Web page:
Wendy Youens was the founding CEO of Able, having led its establishment as an independent organisation in 2013. She has been involved with media accessibility all her working life – her first job out of university was as a Caption Producer in the TVNZ Captioning department. Wendy has steered the ship, navigating it safely through multiple storms, including the COVID pandemic and, concurrently, the $2mil funding boost from NZ On Air. Wendy left Able in 2022, handing the baton to our current CEO, Dan.

Wendy! Able is turning 10. How does it feel?

We had a very scrappy start-up vibe when we first launched, and so looking at Able 10 years on, I just feel so proud of how far it’s come, and also how far the services have come. I think, ultimately, that’s what’s important – the services Able is providing for the Deaf/hard-of-hearing and blind/low-vision community. The organisation that formed in 2013 delivered on what it promised to do and continues to deliver on it and grow. 

How did you personally experience the move out of TVNZ? How did the decision to become an independent entity come about?

Back at TVNZ, they had made a strategic decision to outsource the access services that were being provided by the department at the time. It was basically, like, well, what’s next? Everybody was in agreement that the services should continue, it was just a question of how it should continue. And so all the different options were assessed – that was my work at the time, was to assess those options.

It made sense to make the most of the investment from NZ On Air, and over the previous couple of decades, they had developed this department of people invested in equipment and knowledge. But what I think made sense was the fact that, actually, the system we had in place at the time wasn’t really working that well. So we had a department within TVNZ that was bound by TVNZ strategy and prioritisation of projects. So often in our department, we were pushed back when we wanted to expand – it was just hard to get any cut through with developing our services. By unleashing Able, it created the space for growing the services and for developing.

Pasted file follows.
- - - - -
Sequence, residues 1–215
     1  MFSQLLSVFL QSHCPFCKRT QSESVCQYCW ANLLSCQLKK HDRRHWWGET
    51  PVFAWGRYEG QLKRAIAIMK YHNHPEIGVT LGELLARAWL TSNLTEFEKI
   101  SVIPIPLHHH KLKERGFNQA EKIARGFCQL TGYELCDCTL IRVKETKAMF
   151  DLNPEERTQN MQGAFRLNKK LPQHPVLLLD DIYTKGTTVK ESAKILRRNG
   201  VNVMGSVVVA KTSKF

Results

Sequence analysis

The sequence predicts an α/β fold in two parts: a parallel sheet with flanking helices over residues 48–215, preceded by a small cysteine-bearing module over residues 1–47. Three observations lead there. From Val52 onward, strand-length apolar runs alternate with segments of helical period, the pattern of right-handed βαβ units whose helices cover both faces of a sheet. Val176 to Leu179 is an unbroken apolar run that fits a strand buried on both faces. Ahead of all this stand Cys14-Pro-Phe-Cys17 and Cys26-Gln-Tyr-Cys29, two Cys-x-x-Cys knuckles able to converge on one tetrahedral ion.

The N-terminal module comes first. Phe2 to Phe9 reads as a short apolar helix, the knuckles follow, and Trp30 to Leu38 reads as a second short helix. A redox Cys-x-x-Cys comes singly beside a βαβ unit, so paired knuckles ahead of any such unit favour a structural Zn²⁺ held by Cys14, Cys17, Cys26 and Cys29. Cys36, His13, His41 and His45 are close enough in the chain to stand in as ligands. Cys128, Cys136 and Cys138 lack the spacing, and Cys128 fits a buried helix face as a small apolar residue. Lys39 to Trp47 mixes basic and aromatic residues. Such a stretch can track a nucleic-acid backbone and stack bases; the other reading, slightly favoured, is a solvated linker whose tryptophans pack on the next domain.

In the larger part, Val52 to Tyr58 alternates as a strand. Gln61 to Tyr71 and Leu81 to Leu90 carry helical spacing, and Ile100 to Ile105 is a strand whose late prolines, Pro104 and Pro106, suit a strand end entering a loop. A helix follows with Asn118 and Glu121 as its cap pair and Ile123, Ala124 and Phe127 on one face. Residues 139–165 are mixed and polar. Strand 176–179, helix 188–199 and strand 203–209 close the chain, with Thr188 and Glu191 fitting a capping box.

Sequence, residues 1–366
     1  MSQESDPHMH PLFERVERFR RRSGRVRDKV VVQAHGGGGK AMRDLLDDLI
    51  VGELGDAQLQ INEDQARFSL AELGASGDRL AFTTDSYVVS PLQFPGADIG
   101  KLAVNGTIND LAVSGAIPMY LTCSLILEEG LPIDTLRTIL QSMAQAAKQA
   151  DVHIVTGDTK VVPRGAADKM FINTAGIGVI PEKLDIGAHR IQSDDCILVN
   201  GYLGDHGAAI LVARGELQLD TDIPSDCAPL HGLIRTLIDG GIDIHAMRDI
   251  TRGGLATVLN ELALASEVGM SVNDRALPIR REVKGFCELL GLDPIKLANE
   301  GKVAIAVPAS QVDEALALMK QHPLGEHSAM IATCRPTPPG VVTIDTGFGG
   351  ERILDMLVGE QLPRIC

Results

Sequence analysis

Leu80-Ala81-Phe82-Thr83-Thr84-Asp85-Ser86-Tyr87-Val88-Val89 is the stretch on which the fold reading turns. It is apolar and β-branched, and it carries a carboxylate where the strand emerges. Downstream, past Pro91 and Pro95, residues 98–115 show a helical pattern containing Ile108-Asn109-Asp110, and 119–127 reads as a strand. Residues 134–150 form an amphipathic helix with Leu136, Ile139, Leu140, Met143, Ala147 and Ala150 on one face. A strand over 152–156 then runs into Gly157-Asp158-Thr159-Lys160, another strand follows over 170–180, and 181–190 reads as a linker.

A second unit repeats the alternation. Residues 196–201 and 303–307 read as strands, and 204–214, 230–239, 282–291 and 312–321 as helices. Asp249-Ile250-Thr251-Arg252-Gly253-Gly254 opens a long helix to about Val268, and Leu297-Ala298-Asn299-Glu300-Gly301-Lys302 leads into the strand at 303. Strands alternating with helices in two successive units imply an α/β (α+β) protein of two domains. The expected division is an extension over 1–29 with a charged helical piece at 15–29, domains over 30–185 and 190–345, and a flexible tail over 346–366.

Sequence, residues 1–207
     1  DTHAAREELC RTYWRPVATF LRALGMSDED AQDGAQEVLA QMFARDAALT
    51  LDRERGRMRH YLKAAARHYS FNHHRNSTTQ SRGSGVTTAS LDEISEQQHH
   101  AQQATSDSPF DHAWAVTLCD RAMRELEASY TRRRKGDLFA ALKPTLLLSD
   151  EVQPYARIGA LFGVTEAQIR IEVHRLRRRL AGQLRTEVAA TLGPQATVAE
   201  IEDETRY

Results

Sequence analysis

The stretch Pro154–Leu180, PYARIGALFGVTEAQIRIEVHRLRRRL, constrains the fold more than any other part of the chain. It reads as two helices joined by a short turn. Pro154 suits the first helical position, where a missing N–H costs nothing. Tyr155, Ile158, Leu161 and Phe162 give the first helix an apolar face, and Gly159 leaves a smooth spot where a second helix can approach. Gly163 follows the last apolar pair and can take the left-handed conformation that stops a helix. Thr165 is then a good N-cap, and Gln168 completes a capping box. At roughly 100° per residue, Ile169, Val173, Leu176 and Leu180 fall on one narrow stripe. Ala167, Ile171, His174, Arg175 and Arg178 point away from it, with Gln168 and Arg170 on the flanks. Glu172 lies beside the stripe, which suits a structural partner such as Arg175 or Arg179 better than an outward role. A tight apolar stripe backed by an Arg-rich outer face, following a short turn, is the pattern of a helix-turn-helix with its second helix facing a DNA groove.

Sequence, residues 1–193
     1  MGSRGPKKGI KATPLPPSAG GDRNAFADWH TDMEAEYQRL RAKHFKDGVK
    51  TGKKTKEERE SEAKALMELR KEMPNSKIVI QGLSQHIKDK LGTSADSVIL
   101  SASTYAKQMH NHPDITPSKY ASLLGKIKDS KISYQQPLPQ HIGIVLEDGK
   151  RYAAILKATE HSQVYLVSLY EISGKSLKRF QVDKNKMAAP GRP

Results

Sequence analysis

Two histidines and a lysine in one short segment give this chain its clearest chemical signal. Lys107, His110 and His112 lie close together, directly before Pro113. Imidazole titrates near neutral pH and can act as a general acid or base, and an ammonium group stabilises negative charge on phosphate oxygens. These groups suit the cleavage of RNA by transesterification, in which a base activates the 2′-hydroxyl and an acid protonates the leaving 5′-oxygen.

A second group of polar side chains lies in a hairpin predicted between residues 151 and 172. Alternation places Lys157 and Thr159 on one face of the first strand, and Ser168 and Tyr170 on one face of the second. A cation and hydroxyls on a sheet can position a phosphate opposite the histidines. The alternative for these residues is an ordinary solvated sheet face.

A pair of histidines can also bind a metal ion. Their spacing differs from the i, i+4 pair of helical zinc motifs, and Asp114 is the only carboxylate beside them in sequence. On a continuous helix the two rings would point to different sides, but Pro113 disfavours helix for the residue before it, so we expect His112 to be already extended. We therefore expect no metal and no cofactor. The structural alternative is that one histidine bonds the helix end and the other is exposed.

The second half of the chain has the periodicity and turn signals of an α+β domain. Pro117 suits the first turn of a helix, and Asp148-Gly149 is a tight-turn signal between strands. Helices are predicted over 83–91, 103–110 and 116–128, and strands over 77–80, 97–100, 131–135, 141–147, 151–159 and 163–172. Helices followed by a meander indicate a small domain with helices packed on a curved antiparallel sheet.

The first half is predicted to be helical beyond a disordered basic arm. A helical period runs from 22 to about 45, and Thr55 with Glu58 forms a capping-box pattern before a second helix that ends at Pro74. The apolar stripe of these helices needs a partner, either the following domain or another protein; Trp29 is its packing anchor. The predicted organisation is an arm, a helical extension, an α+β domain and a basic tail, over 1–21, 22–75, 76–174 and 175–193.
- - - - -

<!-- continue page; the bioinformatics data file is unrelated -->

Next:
It must have been quite overwhelming. I read that you were 27 when that happened, and you’d never been a CEO at that point.

No. So my first job out of university was as a Caption Producer for TVNZ. And then I was an editor, then a team leader, and then stepped into the Captioning Manager role. Basically, I was a middle manager at TVNZ and amongst my fellow managers of other departments, I was at least 5 to 10 years younger than them. So I already felt that I was somewhat making it up as I went along.

And I remember multiple times just thinking, ‘Oh, what have I got myself into?’ But I also had decided  that I was really keen to see it through and try to advocate for a good solution for the services that we provided and for the community that we served.

Setting up Able was a huge project. You know, Lewis Grant, who’s board chair still, was right alongside me during that time. He’d already been appointed as board chair during the initial establishment phase. And then Paul France was one of the founding trustees. So Lewis and Paul were great supporters of me.

I’d love to talk about the launch of audio description, because that happened in 2011, I believe. And it seemed like you were thrown in the deep end – you know, trying to establish those services when they hadn’t been in New Zealand before. 

I had just taken on the Captioning Manager role and I remember the person who was handing over to me said, ‘Oh, by the way, you’ve got some NZ On Air funding to launch an audio description service.’ And I remember just thinking, I don’t really know what audio description is.

I also remember hunting through a DVD shop – this was obviously in the dark ages in 2011 – looking for DVDs that had audio description on the back so that I could listen to audio description and actually check it out. It wasn’t really available online.

I should make a big mention of Clive Lansink and Rose Wilkinson from, at the time, Blind Citizens. Rose and Clive and multiple other people, including Thomas Bryan from Able’s board, had been advocating for an audio description service for about a decade before it launched. They were so kind and generous and also were very keen to impress upon me the urgency of launching this audio description service that they’d been waiting for, for so long. 

What kind of challenges did you have with adapting to the evolving technology, and how has it changed the way we produce the services?